Key pieces of the new Silk Road, such as the overland freight routes from China to Europe, are already in place. Direct investment along the road was $30bn in 2015-16, according to Beijing’s records, while Chinese firms signed construction contracts worth $189bn and earned $145bn in 60-odd countries. But there are doubts over its security and commercial feasibility. Pakistan has reportedly deployed 14,500 security personnel to ensure the safety of some 7,000 Chinese nationals working on the economic corridor. The danger was evident in May, when two Chinese language teachers were kidnapped and killed by armed men in Quetta, a remote but important section of the corridor. Freight trains from China to Europe may not prove profitable, however much time they save. Countries with a history of enmity with China, such as Vietnam and India, fear the strategic implications of China’s expanding tentacles. New Delhi has condemned China’s port-building in the Indian Ocean, especially in Sri Lanka and Pakistan, as a platform for military expansionism – a “string of pearls” around the neck of Mother India. This summer’s military standoff with China along the contested border in the Himalayas has only added to India’s concerns.

The threat of conflict between Asia’s giants has overshadowed the ninth annual summit of the five Brics countries – Brazil, Russia, India, China and South Africa – starting in the Chinese port city of Xiamen on Sunday. The meeting between Xi and India’s prime minister, Narendra Modi, may ease tensions, but the strategic competition will remain.

In other parts of Asia, China’s infrastructure diplomacy is paying dividends in the Philippines – whose president Rodrigo Duterte returned home from Beijing late last year with an investment and trade package worth $24bn after announcing his country’s “separation” from the United States – and Malaysia , whose prime minister Najib Razakdeclared himself a “true friend” of China after securing deals worth $34bn. And small countries such as Cambodia and Tajikistan are also heavily reliant on China to provide vital public goods.

China’s geopolitical leverage is growing. Since the end of the second world war, the US has been the dominant power in the Asia-Pacific – but Trump’s diplomatic missteps are playing into China’s hands. His decision to bin the Trans-Pacific Partnership, a 12-nation trade pact that pointedly did not include China, has diminished Washington’s regional clout. TPP was designed by the Obama administration to anchor the US’s economic and diplomatic presence in Asia at the expense of China. Instead, Beijing is pushing for an alternative deal that includes China but not the US.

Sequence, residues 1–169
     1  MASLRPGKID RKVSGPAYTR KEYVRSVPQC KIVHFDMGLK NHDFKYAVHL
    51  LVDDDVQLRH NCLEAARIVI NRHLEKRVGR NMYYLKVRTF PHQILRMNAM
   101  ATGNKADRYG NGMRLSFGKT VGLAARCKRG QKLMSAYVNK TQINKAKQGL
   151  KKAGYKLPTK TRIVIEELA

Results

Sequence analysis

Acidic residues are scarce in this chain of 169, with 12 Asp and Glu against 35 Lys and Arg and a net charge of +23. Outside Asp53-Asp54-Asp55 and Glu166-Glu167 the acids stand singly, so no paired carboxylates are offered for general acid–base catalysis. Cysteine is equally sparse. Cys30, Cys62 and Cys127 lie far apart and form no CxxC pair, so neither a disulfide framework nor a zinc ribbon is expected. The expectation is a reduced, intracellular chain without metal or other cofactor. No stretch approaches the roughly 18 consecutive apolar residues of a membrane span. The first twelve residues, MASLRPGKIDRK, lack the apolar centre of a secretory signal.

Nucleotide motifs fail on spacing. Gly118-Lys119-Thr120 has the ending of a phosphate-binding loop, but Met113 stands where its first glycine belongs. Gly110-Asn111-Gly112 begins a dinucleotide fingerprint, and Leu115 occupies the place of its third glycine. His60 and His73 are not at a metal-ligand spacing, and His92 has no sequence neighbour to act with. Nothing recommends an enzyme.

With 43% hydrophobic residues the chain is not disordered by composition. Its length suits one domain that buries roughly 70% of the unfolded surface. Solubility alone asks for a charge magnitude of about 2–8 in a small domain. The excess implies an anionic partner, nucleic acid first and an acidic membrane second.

Construction on the Zhuhai-Macau border last week.
Construction on the Zhuhai-Macau border last week. Photograph: STR/EPA

As the US under Trump turns inwards, a newly self-confident China is attempting to replace it. Earlier this year, Xi urged delegates at a forum about the new Silk Road in Beijing to reject protectionism and embrace a version of global trade that China’s publicity machine is spinning as “Globalisation 2.0”. Much of this is bluster, but Xi is playing a serious diplomatic game. Thirty heads of state attended the forum – not as many as Beijing hoped for, but a sufficient showing for Xi to present himself as an international statesman of substance.

China’s leaders know there is still much diplomatic work to be done, as few countries yet buy its diplomatic mantra about delivering “mutual benefits”. Simply put, it is not trusted. But its hard-headed economic diplomacy is far bolder, more forward-looking and more practical than any of the alternatives. Under Trump, the US does not have a coherent Asia policy and is no longer viewed as a reliable partner, even by its regional allies. Japan is still a big source of investment in Asia, but its economy is dwarfed by China’s and it cannot compete as a financier.

From a British perspective, China’s Asian power play looks remote. If the new Silk Road delivers a few extra containers of cheap consumer goods, so much to the good. But it matters to us all if China’s economic diplomacy succeeds. As the outcry this summer over Cambridge University Press’s decision to uphold Beijing’s request to delete 300 politically sensitive articles shows only too clearly, economic leverage buys political power. Only an international outcry forced Britain’s oldest academic press to backtrack on its decision. The economic pressure on the west to comply with illiberal demands from Beijing will intensify.

In Asia and beyond, China’s rise will bring many economic opportunities, but it could have politically devastating consequences. Mao predicted that the east wind would eventually prevail over the west wind. If he is proved correct, we will all feel its force.

By Tom Miller
The Guardian